The UK Has A Unique Rule About Monster Energy Drinks

Energy drinks can bring out some strong feelings. You are either a fan or you aren't. It's really that simple. These uber caffeine laden energy boosting beverages definitely have a strong following of supporters. According to the U.S. Department of Health and Human Services (HHS), they are almost as popular as multivitamins, with men between the ages of 18 and 34 years comprising the drink's largest demographic followed by one-third of teens in the 12 to 17 age bracket. Enter the likes of Monster Energy drinks. The brand has created a strong following through its strategic partnership with the Coca-Cola Company and by marketing drinks to its Monster Army, which they describe as support for athletes between the ages of 13 and 21 who participate in sports like BMX racing and surfing.

But the proof of its popularity is in the numbers. In 2020 alone, per Statista, Monster Energy drinks sold around 430 million cans in the U.S., which contributed to global sales that totaled nearly $4.6 billion. Cha-ching. But there is one market where Monster Energy drinks may want to pander to its young English Premier League, "Dr. Who" loving population, but is unable to do so and reign supreme. In fact, the United Kingdom actually has a unique rule that relates to the purchase and consumption of this energy drink. 

You have to be 16 to purchase

Per The Guardian, if you live in the United Kingdom and are under 16, you cannot legally purchase energy drinks, including Monster Energy. Why? The outlet shares that the high amount of sugar and caffeine these drinks contain and how the combination of the two affects both the health and behavior of this demographic has raised some real concerns with experts, ultimately prompting the rule. To be fair, the rule is for all energy drinks that contain over 150 mg of caffeine per liter. According to iTV, Monster Original contains the equivalent amount of caffeine as four espressos, or 160 mg per 500 ml can, and 13 teaspoons of sugar. Yikes!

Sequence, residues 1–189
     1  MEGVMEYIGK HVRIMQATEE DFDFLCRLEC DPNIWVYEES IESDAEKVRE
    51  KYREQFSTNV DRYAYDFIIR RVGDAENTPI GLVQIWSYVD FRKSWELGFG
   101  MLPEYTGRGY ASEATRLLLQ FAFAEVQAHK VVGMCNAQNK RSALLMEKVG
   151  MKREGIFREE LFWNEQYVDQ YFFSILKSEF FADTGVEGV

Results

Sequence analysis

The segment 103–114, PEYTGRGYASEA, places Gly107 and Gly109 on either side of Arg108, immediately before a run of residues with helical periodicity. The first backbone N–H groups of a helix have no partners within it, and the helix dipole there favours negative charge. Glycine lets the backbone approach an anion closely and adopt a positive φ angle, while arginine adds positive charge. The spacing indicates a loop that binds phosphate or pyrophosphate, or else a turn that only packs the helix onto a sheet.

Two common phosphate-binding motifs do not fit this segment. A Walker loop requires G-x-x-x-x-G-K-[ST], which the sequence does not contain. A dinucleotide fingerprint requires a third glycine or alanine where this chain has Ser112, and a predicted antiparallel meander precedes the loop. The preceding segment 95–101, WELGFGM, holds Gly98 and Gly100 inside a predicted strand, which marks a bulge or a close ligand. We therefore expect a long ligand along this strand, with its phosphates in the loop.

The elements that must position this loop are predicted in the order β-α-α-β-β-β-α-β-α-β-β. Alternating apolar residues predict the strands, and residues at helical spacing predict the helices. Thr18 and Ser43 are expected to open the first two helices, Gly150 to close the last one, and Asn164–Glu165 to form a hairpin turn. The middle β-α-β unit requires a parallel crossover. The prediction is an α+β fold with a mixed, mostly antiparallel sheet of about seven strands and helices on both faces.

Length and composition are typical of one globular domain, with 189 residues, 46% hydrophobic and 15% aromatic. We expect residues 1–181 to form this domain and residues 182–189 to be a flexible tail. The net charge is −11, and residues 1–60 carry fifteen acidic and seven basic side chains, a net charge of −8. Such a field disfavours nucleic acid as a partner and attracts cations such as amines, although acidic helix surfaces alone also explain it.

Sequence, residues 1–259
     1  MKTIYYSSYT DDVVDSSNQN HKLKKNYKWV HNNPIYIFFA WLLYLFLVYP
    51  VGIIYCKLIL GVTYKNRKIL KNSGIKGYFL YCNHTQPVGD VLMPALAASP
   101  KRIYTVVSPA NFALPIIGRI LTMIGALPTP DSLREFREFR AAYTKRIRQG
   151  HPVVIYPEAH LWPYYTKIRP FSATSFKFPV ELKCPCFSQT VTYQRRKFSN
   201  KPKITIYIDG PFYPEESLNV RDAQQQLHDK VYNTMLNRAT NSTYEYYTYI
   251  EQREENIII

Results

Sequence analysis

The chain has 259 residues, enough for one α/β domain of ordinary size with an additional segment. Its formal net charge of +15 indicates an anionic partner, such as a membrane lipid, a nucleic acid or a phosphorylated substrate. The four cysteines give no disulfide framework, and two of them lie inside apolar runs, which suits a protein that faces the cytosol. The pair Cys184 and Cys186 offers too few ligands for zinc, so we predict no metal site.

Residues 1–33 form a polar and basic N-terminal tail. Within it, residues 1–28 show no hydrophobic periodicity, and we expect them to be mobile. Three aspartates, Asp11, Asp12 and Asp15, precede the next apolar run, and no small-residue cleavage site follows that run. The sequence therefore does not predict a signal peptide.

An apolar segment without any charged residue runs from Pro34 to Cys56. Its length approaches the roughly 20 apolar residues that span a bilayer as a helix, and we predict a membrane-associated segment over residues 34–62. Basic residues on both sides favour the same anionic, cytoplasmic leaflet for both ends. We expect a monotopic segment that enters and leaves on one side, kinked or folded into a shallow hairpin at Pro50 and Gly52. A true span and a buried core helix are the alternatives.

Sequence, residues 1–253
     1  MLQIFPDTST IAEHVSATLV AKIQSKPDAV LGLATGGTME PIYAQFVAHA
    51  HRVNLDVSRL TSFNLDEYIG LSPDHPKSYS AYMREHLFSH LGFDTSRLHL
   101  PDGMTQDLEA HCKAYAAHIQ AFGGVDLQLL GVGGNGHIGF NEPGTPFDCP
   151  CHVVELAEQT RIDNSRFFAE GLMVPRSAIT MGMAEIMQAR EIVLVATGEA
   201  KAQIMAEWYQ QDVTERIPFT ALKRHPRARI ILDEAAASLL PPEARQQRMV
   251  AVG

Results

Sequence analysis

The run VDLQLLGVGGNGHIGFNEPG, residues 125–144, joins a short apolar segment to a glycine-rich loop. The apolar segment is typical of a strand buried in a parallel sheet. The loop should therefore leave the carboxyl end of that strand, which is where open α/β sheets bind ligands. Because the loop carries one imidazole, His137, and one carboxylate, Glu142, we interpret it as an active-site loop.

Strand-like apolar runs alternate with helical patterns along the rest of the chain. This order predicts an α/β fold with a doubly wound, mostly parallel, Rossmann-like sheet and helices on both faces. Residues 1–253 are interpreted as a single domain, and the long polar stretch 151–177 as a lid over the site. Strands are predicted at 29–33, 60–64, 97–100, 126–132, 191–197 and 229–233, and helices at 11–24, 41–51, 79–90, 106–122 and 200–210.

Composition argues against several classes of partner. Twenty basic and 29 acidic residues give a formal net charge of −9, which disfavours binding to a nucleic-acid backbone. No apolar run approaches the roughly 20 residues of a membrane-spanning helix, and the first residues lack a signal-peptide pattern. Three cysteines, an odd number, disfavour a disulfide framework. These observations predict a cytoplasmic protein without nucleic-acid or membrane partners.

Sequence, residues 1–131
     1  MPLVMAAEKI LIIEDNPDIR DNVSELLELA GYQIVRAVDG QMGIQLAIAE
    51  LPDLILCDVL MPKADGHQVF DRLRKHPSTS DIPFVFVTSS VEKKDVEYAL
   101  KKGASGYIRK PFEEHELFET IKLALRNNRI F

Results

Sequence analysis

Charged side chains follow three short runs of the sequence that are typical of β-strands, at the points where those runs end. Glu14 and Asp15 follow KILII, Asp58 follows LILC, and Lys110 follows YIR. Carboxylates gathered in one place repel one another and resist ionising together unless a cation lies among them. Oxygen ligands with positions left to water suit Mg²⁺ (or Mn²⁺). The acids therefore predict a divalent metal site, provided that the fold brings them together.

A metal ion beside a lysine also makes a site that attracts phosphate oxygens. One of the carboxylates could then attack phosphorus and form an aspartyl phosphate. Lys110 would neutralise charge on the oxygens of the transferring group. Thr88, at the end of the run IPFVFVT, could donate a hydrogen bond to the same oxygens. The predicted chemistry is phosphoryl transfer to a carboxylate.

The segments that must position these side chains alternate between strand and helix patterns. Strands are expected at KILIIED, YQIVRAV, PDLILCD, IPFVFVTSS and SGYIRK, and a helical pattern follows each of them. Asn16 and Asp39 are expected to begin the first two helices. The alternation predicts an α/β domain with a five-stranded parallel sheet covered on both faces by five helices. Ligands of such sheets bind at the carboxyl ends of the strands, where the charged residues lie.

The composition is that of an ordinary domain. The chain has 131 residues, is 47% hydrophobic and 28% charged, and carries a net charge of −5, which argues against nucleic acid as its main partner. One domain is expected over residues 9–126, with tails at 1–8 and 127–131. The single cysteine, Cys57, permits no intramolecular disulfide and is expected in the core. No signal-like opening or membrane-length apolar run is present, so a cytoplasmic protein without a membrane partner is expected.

But the U.K. is not alone. Even in the U.S., HHS also has some strong warnings when it comes to consuming energy drinks and is quick to explain the nutrient red flags that accompany these popular energy enhancers when consumed by young people. The department shared that in its findings, college students who drank alcohol and energy drinks together were more likely to binge-drink at higher rates than those who don't. They cited the CDC, which noted that youths between the ages of 15 and 23 who mix alcohol with energy drinks are four times more likely to do so. They define this as drinking more than six energy drinks with alcohol in a single sitting. While energy drinks may provide a caffeine buzz, it's important to consume them responsibly.